The Mail ‘successfully invoked the Human Rights Act,’ which they don’t support

Here are some photos of Prince Harry leaving the High Court in London on Monday. He looked so good – he is healthy and clear-eyed and well-dressed. He has a big stride and a cheeky smile. Bless him. Harry stayed for the whole hearing, and clearly, there was some coordination with his co-plaintiffs. Elton John, Sadie Frost and Doreen Lawrence all attended the hearing even though none of them were testifying. This was a message. It also enabled the international and domestic (British) media to write about exactly why Harry and the others are suing the Mail and what’s happening in the case. The Mail wanted this hearing buried and even now, they’re underreporting what happened and who was there. But other British outlets are… actually doing some straight reporting, without editorializing, without making everything about Harry and his f–ked up family. The Guardian had an interesting piece about the Mail trying to hide the names of the “journalists” involved in the case:

The Daily Mail’s parent company has successfully invoked the Human Rights Act to stop other media outlets naming its journalists in a phone hacking court case. Lawyers working for the Daily Mail said publishing the names would breach the journalists’ right to a fair trial under the Human Rights Act. This is despite the Mail long using its editorial pages to campaign against the European-derived legislation.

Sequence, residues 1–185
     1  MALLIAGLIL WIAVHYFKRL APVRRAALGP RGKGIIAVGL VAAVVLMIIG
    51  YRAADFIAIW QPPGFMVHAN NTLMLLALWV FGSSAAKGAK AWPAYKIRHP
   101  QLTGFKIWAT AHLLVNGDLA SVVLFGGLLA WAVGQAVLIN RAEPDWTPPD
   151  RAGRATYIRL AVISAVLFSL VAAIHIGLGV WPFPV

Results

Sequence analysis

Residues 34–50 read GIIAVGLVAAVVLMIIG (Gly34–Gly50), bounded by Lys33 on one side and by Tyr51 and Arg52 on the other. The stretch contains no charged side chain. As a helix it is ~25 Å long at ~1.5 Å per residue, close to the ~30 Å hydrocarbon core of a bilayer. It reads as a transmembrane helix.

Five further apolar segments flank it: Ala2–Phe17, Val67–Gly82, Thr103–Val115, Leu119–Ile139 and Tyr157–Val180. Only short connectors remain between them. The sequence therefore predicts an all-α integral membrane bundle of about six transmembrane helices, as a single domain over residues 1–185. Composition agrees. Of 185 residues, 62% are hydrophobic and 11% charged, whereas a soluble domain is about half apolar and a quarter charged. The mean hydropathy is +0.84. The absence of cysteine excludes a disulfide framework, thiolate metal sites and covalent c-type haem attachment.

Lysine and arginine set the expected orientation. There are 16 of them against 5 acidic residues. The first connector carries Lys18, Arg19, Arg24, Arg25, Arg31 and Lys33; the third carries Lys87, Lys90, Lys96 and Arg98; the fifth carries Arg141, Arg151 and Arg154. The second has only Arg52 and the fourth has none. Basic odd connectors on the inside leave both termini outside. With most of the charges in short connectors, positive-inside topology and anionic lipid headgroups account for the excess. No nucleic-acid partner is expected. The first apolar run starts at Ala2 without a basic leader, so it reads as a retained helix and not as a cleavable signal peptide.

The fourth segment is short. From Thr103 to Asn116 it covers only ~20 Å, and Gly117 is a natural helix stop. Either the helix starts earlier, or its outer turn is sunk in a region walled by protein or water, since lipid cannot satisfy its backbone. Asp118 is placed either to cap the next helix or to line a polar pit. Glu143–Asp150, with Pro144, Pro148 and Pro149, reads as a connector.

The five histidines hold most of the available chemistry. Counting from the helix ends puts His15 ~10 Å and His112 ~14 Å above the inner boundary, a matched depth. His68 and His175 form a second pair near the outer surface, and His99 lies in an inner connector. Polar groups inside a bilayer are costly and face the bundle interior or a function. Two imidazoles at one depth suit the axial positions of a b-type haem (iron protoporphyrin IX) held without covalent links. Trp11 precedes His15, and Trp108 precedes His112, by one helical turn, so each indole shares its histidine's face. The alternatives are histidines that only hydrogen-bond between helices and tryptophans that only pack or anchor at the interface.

Barrister David Sherborne, representing Harry and other claimants at the high court, noted it was surprising to see a newspaper that has campaigned for press freedom object to the publication of the names: “They say different rules apply to their journalists suspected of wrongdoing, as opposed to others suspected of wrongdoing.”

Catrin Evans KC, acting for Associated Newspapers, successfully argued there was no justification for publication of the journalists’ names at this stage. She told the court that publication of the names could cause “immense reputational damage” to the 73 individuals who worked for the Mail and invade their privacy.

The company did confirm that the former Daily Mail editor Paul Dacre and former the Mail on Sunday editor Peter Wright are named in the allegations. The allegations of illegal behaviour are strongly denied by the Mail’s parent company and it is not clear in what capacity the 73 individuals are named. The judge, Mr Justice Nicklin, agreed and temporarily blocked identification of the Mail journalists pending his interim judgment, partly because the individuals have not had the opportunity to offer up a defence.

He told the court: “Although I do recognise I am preventing the reporting of the journalists’ names at this stage, this is in the interests of fairness and the administration of justice.”

[From The Guardian]

When I first glanced through this article, I thought “wow, the fix is in, wonder how much the judge got paid.” But reading the whole thing in context, I sort of understand why the judge is blocking the names for now, when they’re still in pre-trial motions. It will likely (and hopefully) be much different if and when they go to trial. Still, the hypocrisy is always notable – as you can see, the Mail actively campaigned against the Human Rights Act which they are now using as a shield to protect their blagging, hacking journalists. I’m also reminded of the Mail’s attempts to publish the names of Meghan’s friends who spoke to People Magazine in early 2019, as part of Meghan’s lawsuit against the Mail.

— R.S. Locke / Royal Suitor (@royal_suitor) March 27, 2023

Photos courtesy of Backgrid.

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